Denethor suicides when he still had things to do, in a moment of despair (of lack of hope). Compare this to Aragorn's death. Aragorn dies when his time has come, and full of Estel. In my opinion, this two deaths are completely different, I cannot see how Aragorn's death can be compared to suicide. Neither Arwen's.
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Old 09-07-2004, 06:36 PM   #46
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My thanks to Saucepan Man for the link to this most fascinating thread.
I wholeheartedly agree with Squatter’s view and don’t hope I’ll contribute much. Nevertheless here’s a couple of ideas.

Imho, Arwen’s decision was made for the sake of keeping an oath once given.
Quote:
I will cleave to you, Dunadan, and turn from the Twilight
That was Arwen’s choice on Cerin Amroth. So how could she remain after the man to whom she said this had been gone? Such a decision couldn’t be passive, she was following the path she had chosen.

Perhaps my following idea is too far-fetched and too human, but only after Aragorn’s death she understood the real bitterness of the Doom of Men she had chosen. When happy, we don’t tend to look far ahead. And in her elven past (three thousand years, right) she had got used to people living forever of dying ‘not forever’. And only losing her beloved did she fully realize what awaited her – or wasn’t able to realize, which made her more desperate. Could it be fear of the oncoming end as well, that quenched the light in her eyes? How long more would she last? In which way would she be reminded that the price must be paid? To my mind, Arwen’s seemingly hurried departure wasn’t passive submission to grief, but the second voluntary choice. She faced her doom with dignity, not playing for time or trying to get away. Btw, the book (I mean LotR) doesn’t mention anyone trying to stop her. Maybe her people were more understanding.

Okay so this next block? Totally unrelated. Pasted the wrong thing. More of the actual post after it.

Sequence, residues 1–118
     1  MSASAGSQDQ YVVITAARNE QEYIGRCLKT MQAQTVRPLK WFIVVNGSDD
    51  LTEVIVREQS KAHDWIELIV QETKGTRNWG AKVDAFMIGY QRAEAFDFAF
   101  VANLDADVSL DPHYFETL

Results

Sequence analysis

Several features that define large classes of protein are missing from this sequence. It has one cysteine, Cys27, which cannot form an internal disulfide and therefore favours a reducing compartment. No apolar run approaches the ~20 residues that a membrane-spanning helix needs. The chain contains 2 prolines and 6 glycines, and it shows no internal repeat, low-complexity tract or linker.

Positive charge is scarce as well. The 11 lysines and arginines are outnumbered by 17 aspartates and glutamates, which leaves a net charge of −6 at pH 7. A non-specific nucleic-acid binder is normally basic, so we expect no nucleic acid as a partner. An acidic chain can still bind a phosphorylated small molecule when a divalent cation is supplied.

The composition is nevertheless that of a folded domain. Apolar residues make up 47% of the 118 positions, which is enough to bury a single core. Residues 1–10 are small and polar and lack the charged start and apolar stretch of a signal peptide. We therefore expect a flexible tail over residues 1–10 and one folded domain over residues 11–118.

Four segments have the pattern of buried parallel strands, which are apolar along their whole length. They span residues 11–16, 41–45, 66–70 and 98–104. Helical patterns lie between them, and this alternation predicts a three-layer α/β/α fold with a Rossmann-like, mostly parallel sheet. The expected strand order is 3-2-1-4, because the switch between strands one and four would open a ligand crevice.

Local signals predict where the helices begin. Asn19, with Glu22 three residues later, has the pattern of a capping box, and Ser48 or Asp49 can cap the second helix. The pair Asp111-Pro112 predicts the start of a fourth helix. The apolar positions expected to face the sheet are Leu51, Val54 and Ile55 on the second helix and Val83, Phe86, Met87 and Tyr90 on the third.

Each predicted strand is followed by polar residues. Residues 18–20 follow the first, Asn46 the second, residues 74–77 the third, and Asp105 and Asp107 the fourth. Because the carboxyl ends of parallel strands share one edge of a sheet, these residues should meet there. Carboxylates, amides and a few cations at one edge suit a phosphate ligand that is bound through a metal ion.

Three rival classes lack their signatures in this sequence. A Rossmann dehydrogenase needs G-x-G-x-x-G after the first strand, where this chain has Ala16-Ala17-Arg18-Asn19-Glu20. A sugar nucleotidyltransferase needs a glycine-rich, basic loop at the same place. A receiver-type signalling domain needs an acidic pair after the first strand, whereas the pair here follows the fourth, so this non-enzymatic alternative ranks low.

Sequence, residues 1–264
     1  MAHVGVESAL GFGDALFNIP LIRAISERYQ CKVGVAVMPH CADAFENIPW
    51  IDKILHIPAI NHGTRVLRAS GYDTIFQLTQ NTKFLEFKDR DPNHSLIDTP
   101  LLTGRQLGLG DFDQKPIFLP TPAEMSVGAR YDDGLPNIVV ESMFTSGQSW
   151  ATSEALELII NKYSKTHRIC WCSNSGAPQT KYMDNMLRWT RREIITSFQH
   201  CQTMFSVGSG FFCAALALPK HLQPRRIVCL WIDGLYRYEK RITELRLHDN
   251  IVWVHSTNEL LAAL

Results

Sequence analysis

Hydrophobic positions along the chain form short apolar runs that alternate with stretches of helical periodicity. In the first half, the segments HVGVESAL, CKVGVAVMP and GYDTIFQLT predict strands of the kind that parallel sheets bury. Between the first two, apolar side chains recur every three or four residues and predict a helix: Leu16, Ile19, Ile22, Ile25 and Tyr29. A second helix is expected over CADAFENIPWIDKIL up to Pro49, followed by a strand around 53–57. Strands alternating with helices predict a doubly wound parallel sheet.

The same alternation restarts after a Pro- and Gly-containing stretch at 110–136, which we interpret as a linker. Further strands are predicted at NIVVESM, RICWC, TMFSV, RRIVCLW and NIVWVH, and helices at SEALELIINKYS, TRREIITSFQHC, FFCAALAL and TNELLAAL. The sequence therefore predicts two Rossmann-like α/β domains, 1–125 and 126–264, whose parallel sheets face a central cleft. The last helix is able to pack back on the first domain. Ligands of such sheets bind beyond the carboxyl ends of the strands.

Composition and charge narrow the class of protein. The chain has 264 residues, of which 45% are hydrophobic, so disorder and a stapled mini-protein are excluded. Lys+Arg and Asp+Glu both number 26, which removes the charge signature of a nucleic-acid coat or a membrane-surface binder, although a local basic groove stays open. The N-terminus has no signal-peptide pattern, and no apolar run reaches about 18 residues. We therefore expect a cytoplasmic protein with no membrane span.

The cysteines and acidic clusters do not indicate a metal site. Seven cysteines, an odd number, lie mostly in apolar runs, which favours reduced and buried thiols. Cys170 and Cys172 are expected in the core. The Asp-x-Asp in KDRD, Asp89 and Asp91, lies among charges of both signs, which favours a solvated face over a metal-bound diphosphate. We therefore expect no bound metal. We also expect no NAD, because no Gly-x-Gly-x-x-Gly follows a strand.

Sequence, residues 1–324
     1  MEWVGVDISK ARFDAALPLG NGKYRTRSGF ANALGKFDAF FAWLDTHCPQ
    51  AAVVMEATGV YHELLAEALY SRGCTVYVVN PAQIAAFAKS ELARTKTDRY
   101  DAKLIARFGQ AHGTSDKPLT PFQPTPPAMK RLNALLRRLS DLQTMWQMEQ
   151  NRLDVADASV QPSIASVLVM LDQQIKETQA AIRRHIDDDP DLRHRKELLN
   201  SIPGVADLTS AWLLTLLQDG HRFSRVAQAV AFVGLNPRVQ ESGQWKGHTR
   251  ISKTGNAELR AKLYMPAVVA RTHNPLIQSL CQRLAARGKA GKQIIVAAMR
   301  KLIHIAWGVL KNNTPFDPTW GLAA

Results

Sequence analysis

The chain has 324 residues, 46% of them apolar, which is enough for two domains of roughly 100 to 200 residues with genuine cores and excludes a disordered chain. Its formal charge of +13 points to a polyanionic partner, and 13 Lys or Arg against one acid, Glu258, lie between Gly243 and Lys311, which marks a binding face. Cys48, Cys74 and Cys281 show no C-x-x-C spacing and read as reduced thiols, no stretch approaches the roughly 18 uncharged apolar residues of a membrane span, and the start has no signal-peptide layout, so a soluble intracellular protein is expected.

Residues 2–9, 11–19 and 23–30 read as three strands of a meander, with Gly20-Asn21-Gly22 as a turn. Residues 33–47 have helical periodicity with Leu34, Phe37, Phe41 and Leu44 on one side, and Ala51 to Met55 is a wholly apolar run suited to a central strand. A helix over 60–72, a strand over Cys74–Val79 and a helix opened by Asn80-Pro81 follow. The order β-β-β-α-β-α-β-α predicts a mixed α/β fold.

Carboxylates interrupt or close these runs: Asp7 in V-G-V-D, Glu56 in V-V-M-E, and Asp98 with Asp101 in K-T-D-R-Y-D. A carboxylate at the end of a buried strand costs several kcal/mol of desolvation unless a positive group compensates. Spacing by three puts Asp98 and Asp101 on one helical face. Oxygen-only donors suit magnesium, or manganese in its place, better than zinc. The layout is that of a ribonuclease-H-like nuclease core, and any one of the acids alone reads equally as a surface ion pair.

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Old 09-07-2004, 09:26 PM   #47
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Originally Posted by The Saucepan Man
Yes, I don't see why not. But, having chosen mortality, she would remain mortal and so would eventually die in Valinor, just as Bilbo, Frodo, Sam and (presumably) Gimli did. I doubt that she would have been too keen to put her father and other relatives through the pain of separation a second time.
This makes sense, but just before the end, she has a strange conversation with Aragorn, where he asks her why doesn't she get on a ship and go West and she says it's too late, they've all gone. Am I missing something here about Arwen's mortality and her reasons for not going with Legolas and Gimli?
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Old 09-07-2004, 09:31 PM   #48
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Originally Posted by Guinevere
But he chose the moment to die . It must have been terrible for her, to be left like that! Couldn't they have made a sort compromise that he would stay a little longer and then lie down to die together side by side? (But then I guess I'm a hopeless romantic... This enigmatic,sad, yet not hopeless ending is of course much more suitable. Sigh. [img]smilies/frown.gif[/img] )
As I vaguely recall, what he said was that either he went then, freely, or he'd just drop off the perch a little further on. He wanted to go with some dignity and he knew he'd lived as long as he could do that. And she might still have been hale and perky a little further on - are we talking a suicide pact here?